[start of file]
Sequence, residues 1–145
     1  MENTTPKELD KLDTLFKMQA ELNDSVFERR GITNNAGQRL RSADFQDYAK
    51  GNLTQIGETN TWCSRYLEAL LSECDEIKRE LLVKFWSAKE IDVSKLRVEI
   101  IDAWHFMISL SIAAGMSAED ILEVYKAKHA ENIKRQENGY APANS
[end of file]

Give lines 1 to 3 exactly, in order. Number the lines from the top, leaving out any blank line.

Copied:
Sequence, residues 1–145
     1  MENTTPKELD KLDTLFKMQA ELNDSVFERR GITNNAGQRL RSADFQDYAK
    51  GNLTQIGETN TWCSRYLEAL LSECDEIKRE LLVKFWSAKE IDVSKLRVEI